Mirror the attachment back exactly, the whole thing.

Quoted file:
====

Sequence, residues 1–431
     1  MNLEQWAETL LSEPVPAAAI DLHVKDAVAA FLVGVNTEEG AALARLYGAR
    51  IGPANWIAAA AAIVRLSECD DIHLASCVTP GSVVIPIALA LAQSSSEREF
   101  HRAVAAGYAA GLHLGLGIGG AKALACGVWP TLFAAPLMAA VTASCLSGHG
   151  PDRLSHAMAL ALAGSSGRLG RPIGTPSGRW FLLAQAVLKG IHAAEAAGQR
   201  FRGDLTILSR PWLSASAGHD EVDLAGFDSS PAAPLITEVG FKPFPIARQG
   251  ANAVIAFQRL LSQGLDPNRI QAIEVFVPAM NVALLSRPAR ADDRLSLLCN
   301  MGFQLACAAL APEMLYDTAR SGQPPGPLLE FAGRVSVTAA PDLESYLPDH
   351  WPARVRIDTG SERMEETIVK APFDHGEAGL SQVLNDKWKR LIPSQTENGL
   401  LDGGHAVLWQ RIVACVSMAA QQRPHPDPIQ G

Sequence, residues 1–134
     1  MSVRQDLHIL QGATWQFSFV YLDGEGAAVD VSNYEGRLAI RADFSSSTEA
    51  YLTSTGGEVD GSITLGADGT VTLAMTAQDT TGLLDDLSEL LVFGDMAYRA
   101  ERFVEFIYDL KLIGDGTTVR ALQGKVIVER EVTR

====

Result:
Sequence, residues 1–431
     1  MNLEQWAETL LSEPVPAAAI DLHVKDAVAA FLVGVNTEEG AALARLYGAR
    51  IGPANWIAAA AAIVRLSECD DIHLASCVTP GSVVIPIALA LAQSSSEREF
   101  HRAVAAGYAA GLHLGLGIGG AKALACGVWP TLFAAPLMAA VTASCLSGHG
   151  PDRLSHAMAL ALAGSSGRLG RPIGTPSGRW FLLAQAVLKG IHAAEAAGQR
   201  FRGDLTILSR PWLSASAGHD EVDLAGFDSS PAAPLITEVG FKPFPIARQG
   251  ANAVIAFQRL LSQGLDPNRI QAIEVFVPAM NVALLSRPAR ADDRLSLLCN
   301  MGFQLACAAL APEMLYDTAR SGQPPGPLLE FAGRVSVTAA PDLESYLPDH
   351  WPARVRIDTG SERMEETIVK APFDHGEAGL SQVLNDKWKR LIPSQTENGL
   401  LDGGHAVLWQ RIVACVSMAA QQRPHPDPIQ G

Sequence, residues 1–134
     1  MSVRQDLHIL QGATWQFSFV YLDGEGAAVD VSNYEGRLAI RADFSSSTEA
    51  YLTSTGGEVD GSITLGADGT VTLAMTAQDT TGLLDDLSEL LVFGDMAYRA
   101  ERFVEFIYDL KLIGDGTTVR ALQGKVIVER EVTR